Aug 15, 2012

I am looking into hosting our servers offsite and have been told that we would need to use VPN to acess the servers. My concern is that the speed will not be the same as what we have now. I am not sure if this is correct or not. If so, is there any way to make the speed faster over the VPN
It will in almost all cases be slower, and it has little to do with the VPN.

The key reason remote systems are slower is it takes more time for you data to go from you PC to the server when it is far away than it does when you just go to the next room.

There is little you can do about this...it all eventually comes down to a speed of light thing.

Some application run better than others remotely, A application that does lot and lots of small communication has the most issues. For example will see a significant difference in transfer speed if you were to copy 10000 tiny files from your machine to the server than if you zipped the files into a large one and copied it and then unzipped it on the server with a remote app.

Many times you run remote desktop or citrix type apps to make running some remote application run better. This is the trade off companies make since it is normally cheaper to run off a centralized server farm.

Now if you were to get a poor VPN provider you can make this problem even worse. You can get providers that will guarentee latency if you look around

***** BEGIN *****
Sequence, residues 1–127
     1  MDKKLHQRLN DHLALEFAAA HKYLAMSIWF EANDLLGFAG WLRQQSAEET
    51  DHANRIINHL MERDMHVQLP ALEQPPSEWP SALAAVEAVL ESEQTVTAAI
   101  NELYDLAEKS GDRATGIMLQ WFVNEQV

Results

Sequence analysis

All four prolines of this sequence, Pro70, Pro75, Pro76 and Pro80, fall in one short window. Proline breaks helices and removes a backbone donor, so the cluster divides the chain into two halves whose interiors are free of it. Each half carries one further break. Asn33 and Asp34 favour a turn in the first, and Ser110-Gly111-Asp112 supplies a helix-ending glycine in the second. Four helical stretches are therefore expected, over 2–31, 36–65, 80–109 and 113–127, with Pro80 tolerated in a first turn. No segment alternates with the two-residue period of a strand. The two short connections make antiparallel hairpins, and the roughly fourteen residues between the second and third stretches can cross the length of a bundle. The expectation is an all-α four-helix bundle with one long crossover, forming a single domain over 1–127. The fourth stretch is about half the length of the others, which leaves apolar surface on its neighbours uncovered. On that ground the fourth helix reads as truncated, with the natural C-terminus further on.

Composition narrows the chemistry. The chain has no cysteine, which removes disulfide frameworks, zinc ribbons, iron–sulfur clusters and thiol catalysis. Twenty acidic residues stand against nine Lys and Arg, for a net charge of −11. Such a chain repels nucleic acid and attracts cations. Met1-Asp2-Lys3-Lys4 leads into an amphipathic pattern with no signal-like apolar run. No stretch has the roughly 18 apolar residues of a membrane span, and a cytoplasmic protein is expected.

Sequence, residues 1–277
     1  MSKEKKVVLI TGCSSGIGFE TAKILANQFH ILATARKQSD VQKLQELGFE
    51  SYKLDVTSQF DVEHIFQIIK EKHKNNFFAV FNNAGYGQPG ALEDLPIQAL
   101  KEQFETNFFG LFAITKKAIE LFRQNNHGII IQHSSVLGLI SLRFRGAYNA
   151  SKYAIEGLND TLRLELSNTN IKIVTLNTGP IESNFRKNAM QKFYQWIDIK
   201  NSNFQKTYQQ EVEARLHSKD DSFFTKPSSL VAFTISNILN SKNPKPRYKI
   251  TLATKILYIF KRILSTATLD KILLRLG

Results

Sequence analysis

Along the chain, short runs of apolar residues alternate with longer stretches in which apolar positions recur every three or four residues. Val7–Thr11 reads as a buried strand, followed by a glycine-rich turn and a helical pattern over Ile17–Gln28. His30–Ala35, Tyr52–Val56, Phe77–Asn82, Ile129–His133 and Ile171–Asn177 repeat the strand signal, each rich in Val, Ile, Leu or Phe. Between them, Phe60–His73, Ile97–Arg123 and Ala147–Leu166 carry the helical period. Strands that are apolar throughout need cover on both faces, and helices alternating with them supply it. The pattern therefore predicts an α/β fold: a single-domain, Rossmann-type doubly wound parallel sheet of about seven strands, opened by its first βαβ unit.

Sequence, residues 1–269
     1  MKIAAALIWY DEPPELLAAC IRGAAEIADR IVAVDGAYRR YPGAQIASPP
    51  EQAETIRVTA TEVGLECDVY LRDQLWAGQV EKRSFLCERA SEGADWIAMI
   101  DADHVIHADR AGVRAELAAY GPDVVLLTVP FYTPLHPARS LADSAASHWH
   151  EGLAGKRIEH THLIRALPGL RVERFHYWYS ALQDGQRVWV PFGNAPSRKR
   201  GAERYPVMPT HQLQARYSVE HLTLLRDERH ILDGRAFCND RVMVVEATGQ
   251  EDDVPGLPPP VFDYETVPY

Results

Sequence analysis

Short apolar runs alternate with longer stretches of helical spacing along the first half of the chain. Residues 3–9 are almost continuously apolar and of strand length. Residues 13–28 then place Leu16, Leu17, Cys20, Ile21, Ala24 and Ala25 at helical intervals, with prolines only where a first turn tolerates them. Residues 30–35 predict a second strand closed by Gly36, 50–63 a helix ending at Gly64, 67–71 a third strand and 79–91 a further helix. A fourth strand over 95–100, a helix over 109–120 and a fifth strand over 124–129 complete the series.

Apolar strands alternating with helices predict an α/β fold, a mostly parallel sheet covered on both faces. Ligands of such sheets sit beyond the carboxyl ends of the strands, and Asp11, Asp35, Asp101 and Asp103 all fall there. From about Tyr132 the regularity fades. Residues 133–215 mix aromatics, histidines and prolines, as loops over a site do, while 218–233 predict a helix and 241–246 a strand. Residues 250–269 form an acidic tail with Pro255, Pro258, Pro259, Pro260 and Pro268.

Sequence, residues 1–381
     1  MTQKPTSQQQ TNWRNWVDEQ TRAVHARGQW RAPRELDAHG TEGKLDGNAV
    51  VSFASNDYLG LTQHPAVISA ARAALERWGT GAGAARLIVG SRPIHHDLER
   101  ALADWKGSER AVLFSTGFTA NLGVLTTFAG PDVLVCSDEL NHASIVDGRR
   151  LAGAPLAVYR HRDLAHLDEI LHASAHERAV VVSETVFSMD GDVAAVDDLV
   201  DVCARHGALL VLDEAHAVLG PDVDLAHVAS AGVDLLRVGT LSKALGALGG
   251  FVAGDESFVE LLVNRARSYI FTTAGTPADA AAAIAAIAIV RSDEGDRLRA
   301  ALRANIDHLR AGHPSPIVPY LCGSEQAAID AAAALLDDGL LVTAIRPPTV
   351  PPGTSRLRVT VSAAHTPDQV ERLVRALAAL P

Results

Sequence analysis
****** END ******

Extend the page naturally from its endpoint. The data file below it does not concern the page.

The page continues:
In principle, I agree w/ bill001g, although it isn’t so much the speed of light, but that you're being routed all over the internet. It’s no different than expecting the express train to get you across town just as fast as the local. It just ain’t gonna happen. There are too many detours, competing traffic, etc., to overcome. Each hop represents various devices/networks/filters your traffic has to navigate on its way to the final destination. And of course your throughput is never better than the worst hop. And the more hops, the greater opportunity for delays. That’s why some ppl *do* use an express train, such as high-speed dial-up/ISDN/T1 lines. Of course, it’s far more expensive.


May 24, 2012
VPN is a great idea because it will allow you to use RDP to connect to a virtual machine or physical workstation in your office. If you opt to use RDP over VPN and you have a decent internet connection on either side, you should be able to work smoothly. I have an identical set up for my office and my employees love it.

That being said, your organization might not use RDP and just want to use a straight VPN for file copying. If that's the case, you really won't get the same speed you are used to.

This is kind of a complex situation and you might want to talk to a local IT specialist who can come and help you set up a system that will meet your needs. Best of luck on your project!